Posts Tagged ‘l.a.’
Watching the pilot episode of Three’s Company for the first time in–I’m gonna say 25 years–I was slightly horrified to discover that I not only remembered the plot, which is pretty straight forward, but individual jokes, word-for-word. I guess this sit-com that ran from 1976 to 1984 made a bit of an impression on my young mind.
What I remember most are the final moments when Janet tells Jack how she convinced Mr. Roper to let him live there. “I also told him that you were gay,” she says, and Jack falls off the couch. I had to ask my mom what gay was. I’m not sure I understood it even after her honest and open-minded explanation, but the ruse of Jack pretending to be gay is at the heart of the show’s premise.
In case you don’t remember or are under 30, the pilot opens with two women, bombshell Chrissy (Suzanne Somers) and petite Janet (Joyce DeWitt) cleaning up the remnants of the previous night’s party. Their modest two bedroom apartment isn’t much worse for the wear, except for a punch ladle that has turned green from soaking in a mysterious alcoholic liquid. They quickly discover a man asleep in their bathtub. They wake him by turning on the shower and wielding the discolored ladle as a weapon.
The man in the tub is Jack (John Ritter). He’s a little doofy, and taken with Chrissy, but seems like a reasonably nice, normal guy. The women are looking to replace their previous roommate, for whom last night’s bash was a going away party. The clincher is, he’s an amazing cook. Deciding he would make an ideal roommate, they plan to invite him to move in. Here’s where you have to use your mental wayback machine. Since that would be no big deal, this show could never work today.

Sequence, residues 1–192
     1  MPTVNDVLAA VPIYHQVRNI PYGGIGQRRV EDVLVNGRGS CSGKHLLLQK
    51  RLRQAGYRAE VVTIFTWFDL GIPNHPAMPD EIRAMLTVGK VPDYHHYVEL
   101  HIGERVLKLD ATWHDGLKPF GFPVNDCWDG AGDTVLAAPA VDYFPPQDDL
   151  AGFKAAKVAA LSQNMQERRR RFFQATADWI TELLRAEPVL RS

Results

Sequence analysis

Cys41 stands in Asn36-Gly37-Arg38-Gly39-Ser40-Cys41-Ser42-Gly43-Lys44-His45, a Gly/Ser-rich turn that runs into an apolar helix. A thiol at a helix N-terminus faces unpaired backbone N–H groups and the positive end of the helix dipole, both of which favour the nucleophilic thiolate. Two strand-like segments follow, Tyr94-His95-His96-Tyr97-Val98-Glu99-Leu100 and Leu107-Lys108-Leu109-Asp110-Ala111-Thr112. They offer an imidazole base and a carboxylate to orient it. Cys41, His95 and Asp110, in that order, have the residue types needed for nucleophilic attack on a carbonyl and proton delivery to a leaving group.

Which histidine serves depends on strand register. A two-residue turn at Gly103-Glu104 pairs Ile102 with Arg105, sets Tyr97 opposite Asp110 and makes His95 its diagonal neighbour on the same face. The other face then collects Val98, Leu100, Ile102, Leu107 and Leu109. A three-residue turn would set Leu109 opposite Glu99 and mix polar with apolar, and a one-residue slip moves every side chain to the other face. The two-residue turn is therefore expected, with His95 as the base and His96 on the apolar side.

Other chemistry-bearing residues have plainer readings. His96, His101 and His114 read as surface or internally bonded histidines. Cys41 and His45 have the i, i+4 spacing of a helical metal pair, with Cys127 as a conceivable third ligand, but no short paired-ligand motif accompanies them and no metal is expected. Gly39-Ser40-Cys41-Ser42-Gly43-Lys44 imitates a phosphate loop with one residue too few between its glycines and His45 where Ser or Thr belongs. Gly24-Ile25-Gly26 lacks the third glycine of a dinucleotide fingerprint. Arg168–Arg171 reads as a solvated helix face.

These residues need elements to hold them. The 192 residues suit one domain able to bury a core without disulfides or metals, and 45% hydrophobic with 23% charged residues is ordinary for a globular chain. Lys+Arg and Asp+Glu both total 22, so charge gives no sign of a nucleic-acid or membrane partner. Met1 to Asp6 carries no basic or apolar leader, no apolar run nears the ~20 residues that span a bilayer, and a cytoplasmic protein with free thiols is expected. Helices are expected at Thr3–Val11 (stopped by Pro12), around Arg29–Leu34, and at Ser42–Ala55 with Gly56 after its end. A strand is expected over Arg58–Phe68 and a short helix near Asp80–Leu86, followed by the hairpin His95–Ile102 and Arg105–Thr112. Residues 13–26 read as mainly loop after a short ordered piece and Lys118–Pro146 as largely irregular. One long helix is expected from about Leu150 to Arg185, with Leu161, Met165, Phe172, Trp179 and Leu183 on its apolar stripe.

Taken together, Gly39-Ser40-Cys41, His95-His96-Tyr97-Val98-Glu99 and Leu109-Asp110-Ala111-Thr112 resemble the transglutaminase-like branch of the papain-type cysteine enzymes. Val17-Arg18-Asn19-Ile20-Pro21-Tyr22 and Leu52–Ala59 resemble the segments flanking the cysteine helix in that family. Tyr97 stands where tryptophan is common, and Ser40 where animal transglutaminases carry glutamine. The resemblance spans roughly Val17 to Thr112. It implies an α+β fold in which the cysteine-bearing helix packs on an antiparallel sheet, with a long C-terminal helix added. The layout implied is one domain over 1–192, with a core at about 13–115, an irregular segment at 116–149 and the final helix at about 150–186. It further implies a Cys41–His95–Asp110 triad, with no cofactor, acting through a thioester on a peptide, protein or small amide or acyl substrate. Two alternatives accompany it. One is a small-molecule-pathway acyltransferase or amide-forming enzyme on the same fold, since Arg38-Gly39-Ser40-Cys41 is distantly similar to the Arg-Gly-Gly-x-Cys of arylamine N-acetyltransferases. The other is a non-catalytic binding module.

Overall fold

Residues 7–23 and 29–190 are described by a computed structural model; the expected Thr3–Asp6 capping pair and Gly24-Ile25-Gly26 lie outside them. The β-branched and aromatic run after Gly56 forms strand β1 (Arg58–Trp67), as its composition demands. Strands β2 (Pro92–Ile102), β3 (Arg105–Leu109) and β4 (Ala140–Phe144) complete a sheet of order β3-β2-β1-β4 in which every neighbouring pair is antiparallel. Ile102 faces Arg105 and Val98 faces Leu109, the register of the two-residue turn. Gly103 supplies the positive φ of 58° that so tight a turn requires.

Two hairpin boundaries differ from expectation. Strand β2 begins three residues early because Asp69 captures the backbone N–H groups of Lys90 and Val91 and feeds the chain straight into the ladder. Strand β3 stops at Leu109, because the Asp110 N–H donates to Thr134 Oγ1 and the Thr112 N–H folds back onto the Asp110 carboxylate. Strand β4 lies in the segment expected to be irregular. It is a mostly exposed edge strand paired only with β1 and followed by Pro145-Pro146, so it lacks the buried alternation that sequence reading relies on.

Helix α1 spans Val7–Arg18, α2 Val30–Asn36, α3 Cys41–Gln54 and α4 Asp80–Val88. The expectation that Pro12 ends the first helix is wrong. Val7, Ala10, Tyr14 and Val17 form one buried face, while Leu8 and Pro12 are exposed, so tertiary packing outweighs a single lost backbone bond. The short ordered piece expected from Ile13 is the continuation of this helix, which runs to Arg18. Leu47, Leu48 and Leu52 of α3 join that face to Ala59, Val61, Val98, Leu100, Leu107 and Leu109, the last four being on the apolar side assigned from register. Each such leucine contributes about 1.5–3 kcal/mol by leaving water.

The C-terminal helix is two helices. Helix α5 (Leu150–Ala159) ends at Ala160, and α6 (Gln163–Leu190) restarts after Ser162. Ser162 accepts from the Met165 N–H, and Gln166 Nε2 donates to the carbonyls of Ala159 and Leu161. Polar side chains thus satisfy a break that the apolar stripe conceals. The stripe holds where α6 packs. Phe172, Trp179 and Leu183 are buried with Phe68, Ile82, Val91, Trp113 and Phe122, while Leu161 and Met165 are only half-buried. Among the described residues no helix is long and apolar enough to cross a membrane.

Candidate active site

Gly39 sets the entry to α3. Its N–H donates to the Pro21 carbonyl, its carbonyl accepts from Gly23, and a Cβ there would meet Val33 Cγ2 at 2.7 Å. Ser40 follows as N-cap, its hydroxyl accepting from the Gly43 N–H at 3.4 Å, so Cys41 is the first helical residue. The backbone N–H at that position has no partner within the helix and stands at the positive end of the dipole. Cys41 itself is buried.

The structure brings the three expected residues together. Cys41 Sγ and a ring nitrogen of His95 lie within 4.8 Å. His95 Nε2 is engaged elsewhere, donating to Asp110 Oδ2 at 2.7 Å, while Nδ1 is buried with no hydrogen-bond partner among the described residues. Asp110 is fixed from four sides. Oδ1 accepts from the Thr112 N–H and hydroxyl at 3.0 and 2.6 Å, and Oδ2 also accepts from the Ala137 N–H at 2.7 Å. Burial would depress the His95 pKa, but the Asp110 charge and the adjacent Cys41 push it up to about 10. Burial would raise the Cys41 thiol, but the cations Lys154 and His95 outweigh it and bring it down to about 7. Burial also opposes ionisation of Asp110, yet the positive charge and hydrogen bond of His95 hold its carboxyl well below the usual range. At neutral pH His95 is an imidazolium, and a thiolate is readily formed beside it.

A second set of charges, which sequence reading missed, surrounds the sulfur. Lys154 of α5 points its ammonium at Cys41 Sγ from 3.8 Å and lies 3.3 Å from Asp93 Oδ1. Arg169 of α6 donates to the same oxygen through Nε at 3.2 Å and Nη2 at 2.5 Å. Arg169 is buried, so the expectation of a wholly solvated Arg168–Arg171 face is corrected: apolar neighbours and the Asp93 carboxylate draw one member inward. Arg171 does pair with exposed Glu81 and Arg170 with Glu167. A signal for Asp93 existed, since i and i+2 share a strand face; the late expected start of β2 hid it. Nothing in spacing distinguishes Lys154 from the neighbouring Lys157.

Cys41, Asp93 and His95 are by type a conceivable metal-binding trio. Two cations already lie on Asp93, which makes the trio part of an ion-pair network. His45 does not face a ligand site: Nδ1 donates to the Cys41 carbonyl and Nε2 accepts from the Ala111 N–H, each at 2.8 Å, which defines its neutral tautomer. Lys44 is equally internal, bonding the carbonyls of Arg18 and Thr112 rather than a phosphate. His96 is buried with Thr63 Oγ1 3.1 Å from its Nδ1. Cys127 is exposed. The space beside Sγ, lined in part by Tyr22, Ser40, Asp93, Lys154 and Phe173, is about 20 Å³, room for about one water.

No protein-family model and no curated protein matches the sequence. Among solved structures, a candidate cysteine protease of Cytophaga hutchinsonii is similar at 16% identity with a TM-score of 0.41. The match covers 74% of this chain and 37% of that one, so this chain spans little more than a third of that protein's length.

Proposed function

Each of the trio has his or her own quirks, but the wacky in the show comes from the Ropers, an older married couple who live downstairs and manage the building. The writers hit us over the head with the fact that Mrs. Roper (Audra Lindley) has a sexual appetite that scrawny Mr. Roper (Norman Fell) just can’t satisfy. This role reversal, if you consider it that, is another point where the show was probably edgy for its day.
When Mr. Roper catches a glimpse of Jack, Janet tells him Jack is a woman. Then, a rather masculine woman shows up to view the apartment. Mr. Roper mistakes her for a man. Thus we’re introduced to this show’s convention of misunderstandings; somebody is always not what somebody else thinks. (Chandler: “I think this is the episode of Three’s Company where there’s some kind of misunderstanding.” Pheobe: “Oh, then I’ve already seen this one.”)
When everything comes out in the open and Mr. Roper finds that the women are planning to have a man move in, he is outraged. However, Janet quickly smooths things over, only we don’t know how until that final moment I mentioned above. So, we’re set up for all kinds of potential misery, with a straight man forced to pretend to be gay, while simultaneously attracted to his hot roommate.